From Amelia Earhart to Sylvia Rivera
When you think of extraordinary women - women who've changed the world, women who've fought for rights, and women who've overcome barriers - it's hard to imagine them in an ordinary situation, like hanging out at home and tucking themselves up in bed at night. These are the spots where these inspirational females did just that: spent the night after a day of making history.
Maya Angelou was an American poet, singer, memoirist and activist. She began her career as a professional calypso dancer before becoming a powerful and influential writer, collaborating with Martin Luther King Jr. and Malcolm X during the Civil Rights movement. Her most famous publication, her autobiography I Know Why The Caged Bird Sings, condemns the racial segregation she experienced as a child, and celebrates the strength and integrity of black women.
She moved into this New York brownstone at 58 West 120th Street in 2004, where she entertained the likes of Oprah Winfrey and Cicely Tyson.
Millicent Fawcett is one of the sufragettes instrumental in gaining British women the right to vote in 1918. As the leader of the NUWSS from 1890-1919, she campaigned for equal rights for women, the abolition of the slave trade, and formed a relief fund for South African women and children during the Boer war. She also helped found Cambridge's Newnham College, one of the first English university colleges for women.
She lived in this house at 2 Gower Street in Bloomsbury, London, for 45 years. It was here that she lived when women achieved equal voting rights in 1928.
Margaret Damer Dawson
Margaret Damer Dawson was an animal rights campaigner and also co-founded the first British women's police service. The Women Police Volunteers, later known as the Women's Auxiliary Service, were a forerunner to women being introduced into the Metropolitan Police. She helped set up the International Anti-Vivisection and Animal Protection Congress in London in July 1909, working to end cruelty to animals, animal testing and the slaughter of animals for meat.
She lived at this house at 10 Cheyne Walk in London until she died at the age of 47.
Madame C.J. Walker
Regarded as being the first female self-made millionaire in America, Madam C.J. Walker established a successful business selling beauty and hair products for black women. Born Sarah Breedlove, she learned about hair care from her brothers after suffering scalp ailments due to poor diet, harsh products and poor plumbing facilities. She developed her own product line and went on to employ several thousand women as sales agents, as well as teaching black women how to budget, build their own businesses and become financially independent.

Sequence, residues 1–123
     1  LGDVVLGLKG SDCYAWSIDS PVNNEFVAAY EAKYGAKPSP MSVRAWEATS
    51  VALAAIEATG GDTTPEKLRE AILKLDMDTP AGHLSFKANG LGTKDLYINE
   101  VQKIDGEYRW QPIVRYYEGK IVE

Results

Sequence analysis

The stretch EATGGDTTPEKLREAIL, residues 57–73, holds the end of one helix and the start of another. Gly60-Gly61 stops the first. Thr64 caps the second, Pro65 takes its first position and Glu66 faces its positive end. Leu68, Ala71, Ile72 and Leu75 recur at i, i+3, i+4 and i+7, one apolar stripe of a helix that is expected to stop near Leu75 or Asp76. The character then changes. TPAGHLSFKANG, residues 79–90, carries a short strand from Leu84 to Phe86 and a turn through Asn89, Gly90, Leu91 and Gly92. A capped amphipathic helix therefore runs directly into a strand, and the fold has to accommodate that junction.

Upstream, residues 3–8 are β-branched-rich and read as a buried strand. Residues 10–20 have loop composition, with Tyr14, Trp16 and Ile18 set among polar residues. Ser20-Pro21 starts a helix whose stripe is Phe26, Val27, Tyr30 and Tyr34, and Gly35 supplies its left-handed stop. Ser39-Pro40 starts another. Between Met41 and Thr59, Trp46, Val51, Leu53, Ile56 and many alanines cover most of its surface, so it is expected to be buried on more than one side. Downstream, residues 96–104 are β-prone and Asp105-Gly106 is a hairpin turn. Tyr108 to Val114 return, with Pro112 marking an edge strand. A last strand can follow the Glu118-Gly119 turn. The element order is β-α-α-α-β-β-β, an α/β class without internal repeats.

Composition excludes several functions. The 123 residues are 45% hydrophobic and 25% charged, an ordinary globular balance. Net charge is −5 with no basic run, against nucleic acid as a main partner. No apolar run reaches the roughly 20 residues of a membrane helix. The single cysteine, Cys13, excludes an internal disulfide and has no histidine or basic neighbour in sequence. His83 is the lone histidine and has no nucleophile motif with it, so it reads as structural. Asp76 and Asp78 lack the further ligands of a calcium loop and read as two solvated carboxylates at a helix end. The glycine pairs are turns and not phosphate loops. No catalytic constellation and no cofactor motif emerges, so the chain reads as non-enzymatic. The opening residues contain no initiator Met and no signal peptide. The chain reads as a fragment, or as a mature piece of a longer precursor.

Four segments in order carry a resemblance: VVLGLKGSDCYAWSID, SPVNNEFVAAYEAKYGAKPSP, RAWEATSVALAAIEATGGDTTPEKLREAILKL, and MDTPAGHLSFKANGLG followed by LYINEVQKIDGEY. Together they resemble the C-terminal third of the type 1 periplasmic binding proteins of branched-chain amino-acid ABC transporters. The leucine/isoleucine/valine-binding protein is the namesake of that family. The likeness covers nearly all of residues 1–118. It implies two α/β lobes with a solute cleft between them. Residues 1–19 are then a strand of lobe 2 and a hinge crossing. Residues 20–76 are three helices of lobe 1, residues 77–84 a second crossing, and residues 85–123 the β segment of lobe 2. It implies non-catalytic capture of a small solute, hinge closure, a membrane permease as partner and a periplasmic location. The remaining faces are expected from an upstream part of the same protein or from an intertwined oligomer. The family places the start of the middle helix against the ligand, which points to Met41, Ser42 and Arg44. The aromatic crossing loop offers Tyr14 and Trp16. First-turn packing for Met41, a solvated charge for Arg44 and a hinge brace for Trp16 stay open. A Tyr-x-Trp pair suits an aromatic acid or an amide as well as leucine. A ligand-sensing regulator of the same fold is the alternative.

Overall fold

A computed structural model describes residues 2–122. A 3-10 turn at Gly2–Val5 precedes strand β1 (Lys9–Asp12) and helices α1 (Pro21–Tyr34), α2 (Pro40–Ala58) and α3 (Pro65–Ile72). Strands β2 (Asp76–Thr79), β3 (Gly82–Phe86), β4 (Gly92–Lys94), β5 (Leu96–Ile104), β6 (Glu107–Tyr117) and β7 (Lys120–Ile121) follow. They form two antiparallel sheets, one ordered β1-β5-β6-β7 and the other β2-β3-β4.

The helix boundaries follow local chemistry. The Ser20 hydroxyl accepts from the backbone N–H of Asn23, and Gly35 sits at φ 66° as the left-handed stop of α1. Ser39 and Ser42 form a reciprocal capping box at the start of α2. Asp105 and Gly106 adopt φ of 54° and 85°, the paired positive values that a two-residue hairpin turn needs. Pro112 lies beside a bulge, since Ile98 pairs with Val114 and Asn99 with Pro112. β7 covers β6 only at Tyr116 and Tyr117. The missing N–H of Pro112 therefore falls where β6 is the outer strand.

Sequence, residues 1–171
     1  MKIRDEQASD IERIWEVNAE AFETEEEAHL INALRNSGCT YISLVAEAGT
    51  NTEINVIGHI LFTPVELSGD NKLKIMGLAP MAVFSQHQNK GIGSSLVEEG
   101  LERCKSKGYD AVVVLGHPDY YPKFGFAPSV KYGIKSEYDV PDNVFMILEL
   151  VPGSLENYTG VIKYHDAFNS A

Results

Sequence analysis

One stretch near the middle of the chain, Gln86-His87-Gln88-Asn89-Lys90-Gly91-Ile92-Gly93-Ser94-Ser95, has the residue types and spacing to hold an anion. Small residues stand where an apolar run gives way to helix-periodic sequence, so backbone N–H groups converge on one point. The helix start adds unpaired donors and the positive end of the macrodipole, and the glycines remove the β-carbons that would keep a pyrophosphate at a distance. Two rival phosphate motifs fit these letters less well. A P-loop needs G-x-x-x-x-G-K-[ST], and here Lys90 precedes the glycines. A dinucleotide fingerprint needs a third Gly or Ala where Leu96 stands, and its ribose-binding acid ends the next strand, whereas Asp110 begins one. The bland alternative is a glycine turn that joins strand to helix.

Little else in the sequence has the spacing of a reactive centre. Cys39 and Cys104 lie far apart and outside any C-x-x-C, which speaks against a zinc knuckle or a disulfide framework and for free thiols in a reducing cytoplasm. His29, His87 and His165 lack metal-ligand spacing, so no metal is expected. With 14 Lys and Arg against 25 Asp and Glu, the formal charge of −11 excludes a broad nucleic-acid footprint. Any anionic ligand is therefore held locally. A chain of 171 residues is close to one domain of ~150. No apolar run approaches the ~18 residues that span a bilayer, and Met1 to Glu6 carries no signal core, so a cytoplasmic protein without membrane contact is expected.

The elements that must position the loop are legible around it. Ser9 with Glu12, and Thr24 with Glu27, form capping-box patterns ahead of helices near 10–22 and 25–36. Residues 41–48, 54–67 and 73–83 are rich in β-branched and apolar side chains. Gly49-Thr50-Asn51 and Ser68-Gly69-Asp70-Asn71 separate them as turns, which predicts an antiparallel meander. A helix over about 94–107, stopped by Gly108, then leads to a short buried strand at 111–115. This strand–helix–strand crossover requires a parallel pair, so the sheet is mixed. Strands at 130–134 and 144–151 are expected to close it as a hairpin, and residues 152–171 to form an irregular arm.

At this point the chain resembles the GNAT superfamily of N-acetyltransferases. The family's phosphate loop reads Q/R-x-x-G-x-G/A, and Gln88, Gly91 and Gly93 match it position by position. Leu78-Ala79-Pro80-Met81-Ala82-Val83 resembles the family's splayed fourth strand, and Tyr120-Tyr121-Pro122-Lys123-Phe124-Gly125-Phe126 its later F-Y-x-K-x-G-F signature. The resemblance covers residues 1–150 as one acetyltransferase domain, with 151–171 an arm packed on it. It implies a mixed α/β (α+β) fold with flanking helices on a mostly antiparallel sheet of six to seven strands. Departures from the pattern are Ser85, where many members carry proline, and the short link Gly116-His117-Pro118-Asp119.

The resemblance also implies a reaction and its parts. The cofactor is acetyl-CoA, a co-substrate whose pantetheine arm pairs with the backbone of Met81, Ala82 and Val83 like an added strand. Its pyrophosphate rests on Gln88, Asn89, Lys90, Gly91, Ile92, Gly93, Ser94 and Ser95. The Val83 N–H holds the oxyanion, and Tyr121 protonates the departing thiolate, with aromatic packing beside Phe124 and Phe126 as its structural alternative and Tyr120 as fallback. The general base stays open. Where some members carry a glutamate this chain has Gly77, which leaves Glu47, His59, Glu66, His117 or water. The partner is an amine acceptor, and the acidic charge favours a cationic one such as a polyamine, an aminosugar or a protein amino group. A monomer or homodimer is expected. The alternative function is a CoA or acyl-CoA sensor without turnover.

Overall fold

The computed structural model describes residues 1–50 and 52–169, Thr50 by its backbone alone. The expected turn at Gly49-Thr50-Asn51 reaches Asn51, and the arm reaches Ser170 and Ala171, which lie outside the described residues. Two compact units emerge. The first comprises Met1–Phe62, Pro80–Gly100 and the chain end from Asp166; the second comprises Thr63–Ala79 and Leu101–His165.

Walker commissioned Vertner Tandy, the first licensed black architect in New York City, to design her house in Irvington-on-Hudson. Known as Villa Lewaro, it became a gathering place for community leaders and a conference centre on race relation issues.
The prominent writer Jane Austen was one of the first female authors to enter the limelight, being courageous enough to write without a male pen name, as most other women did at the time to avoid prejudice and to get their foot in the door of what was a sexist industry. She boldly claimed her feminity by using the pseudonym "A Lady", and went on to write six major novels, including Pride and Prejudice and Emma.
Austen lived in this house for the last 8 years of her life and it's where she wrote, revised and published the six works she is most renowned for.
Sylvia Rivera was a founding member of the Gay Liberation Front, the Gay Activist Alliance and the Street Transvestite Action Revolutionaries, a group committed to helping young drag queens and trans women of color who lived on the streets. A mixed race Venezuelan-Puerto Rican trans woman, she tirelessly fought for the vulnerable people who had been marginalized by the mainstream side of the gay rights movement, at a time when the term “transgender” wasn't familiar to most.
Rivera's last residence was Transy House on Park Slope, a safe haven for trans and gender non-conforming people, as well as being a centre for political activism.
Writer of the most famous diary in the world, Anne Frank gave a poignant glimpse into the life of a young teenage girl in Nazi-occupied Amsterdam during WWII. Anne and her family, who were German-born Jews, were forced into hiding when Anne's sister Margot was selected for work in a forced-labor camp. They remained in hiding for 2 years before being discovered and deported to Nazi concentration camps. Anne died during her imprisonment, but her writing allowed people all around the world to learn about the mistreatment she and her family suffered.
This is the office of Anne's father Otto, which contained the "Secret Annexe", a three-story space hidden at the back of the building, that the Frank family were forced to live in for 2 years, .
The first female aviator to fly solo across the Atlantic, Earhart also played a key role in forming an organization for other professional female pilots known as The Ninety-Nines that provided networking, mentoring, and flight scholarship opportunities. Relentlessly breaking down barriers against women, Earhart worked as an aeronautical engineering councillor and women's career councillor at Purdue university. She disappeared during an attempt to fly around the globe, a mystery that still prevails today.
This is Earhart's birthplace and early childhood home in Atchinson, Kansas. It is now maintained by The Ninety-Nines as a museum dedicated to the world's most influential female aviator.